The role of a leader in a local church can be a demanding task. The apostle Paul knew this more than others. He said, “…besides all this, I have the daily burden of my concern for all the churches” (2 Corinthians 11:28).
A burden by its very definition is something that weighs us down.
Like Paul, church leaders are people who know the burden of concern for the local expression of the great household of God. It would not be an isolated occasion when I have gone home from a long elders meeting only to have a fitful night's sleep as I mulled over the issues we had wrestled with the previous evening.
So what resources can we draw on to find the strength to stand up under this burden? And beyond that to find joy...
2 Corinthians gives a profound insight into the burden that leaders carry in local church ministry. Chapters 1-6 outline the experience of leaders weighed down by ministry pressures. There are some deeply personal passages in this section of Scripture as Paul opens his heart and says it like it is!
As I have reflected on these chapters Paul seems to indicate that leaders can find strength in...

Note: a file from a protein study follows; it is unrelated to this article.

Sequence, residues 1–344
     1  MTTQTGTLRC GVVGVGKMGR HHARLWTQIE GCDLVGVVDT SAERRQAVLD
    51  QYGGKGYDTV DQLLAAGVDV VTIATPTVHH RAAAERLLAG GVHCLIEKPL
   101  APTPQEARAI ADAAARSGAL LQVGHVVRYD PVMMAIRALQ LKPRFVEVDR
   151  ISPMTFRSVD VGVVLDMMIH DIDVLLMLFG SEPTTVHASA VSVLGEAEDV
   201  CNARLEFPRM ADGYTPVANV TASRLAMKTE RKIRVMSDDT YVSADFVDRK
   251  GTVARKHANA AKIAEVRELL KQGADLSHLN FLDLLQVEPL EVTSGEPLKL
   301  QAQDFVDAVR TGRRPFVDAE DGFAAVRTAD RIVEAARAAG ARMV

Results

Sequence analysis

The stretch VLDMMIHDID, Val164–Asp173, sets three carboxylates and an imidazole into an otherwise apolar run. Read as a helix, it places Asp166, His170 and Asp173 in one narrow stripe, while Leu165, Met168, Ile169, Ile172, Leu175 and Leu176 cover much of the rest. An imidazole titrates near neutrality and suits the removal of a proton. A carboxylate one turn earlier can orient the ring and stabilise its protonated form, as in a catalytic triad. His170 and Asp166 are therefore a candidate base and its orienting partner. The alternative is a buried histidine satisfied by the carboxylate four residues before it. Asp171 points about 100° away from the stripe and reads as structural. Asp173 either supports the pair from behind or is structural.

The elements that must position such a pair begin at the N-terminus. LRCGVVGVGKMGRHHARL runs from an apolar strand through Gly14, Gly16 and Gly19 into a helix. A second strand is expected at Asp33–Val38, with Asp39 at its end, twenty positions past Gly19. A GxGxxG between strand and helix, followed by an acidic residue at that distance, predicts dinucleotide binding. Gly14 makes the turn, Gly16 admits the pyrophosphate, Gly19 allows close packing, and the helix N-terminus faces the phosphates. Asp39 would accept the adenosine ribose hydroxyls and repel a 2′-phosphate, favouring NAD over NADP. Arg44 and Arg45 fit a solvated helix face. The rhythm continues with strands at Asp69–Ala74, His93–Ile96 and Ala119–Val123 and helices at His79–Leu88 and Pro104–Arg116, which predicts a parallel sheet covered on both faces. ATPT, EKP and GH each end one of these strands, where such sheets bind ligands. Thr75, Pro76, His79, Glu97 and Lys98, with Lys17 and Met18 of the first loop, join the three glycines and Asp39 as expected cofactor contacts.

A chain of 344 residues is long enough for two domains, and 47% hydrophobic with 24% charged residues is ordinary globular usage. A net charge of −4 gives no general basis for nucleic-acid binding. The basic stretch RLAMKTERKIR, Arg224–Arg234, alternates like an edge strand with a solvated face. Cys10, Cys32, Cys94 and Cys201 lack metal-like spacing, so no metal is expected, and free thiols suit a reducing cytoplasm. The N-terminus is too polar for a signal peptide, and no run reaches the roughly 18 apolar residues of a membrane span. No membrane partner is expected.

...the support of one another to share the burden
Paul speaks in the first person plural rather than the first person singular. It is absolutely vital that leaders bring a surrendered self to the team gathering. Personal agenda and individual attitudes need to be left at the front door in place of a deep commitment to the up-building of fellow servants of God. Other leaders need to know that I will share the collective burden and encourage them in the shared responsibility.
...the help of God and the perspective he gives in the challenges we face.
Paul said his troubles were light and momentary. He was able to say that because of the long view that God gave him. He carried a sense of eternity in his heart.
...the continuing effectiveness of the cross (& resurrection) of Jesus in the heart of God's servants.
At Communion we "feed on him in our heart by faith with thanksgiving."
Through baptism we identify with Jesus in his death, burial and resurrection.
Our service for God is patterned after the passion of Jesus.
Indeed, the central motif and the guiding principle of Christian life is the cross of Jesus. Martin Luther (the 16th century reformer) found the haunting image of the crucified Christ to be the crucible in which all our thinking of God is forged. He said, "The cross alone is our theology...the cross puts everything to the test."
The old gospel hymn actually sums up the entirety of Christian experience and service, "...burdens are lifted at Calvary, Jesus is very near."
An experiential knowledge of these truths will not remove the leader's burden of concern for the local church but it will lighten the load he carries.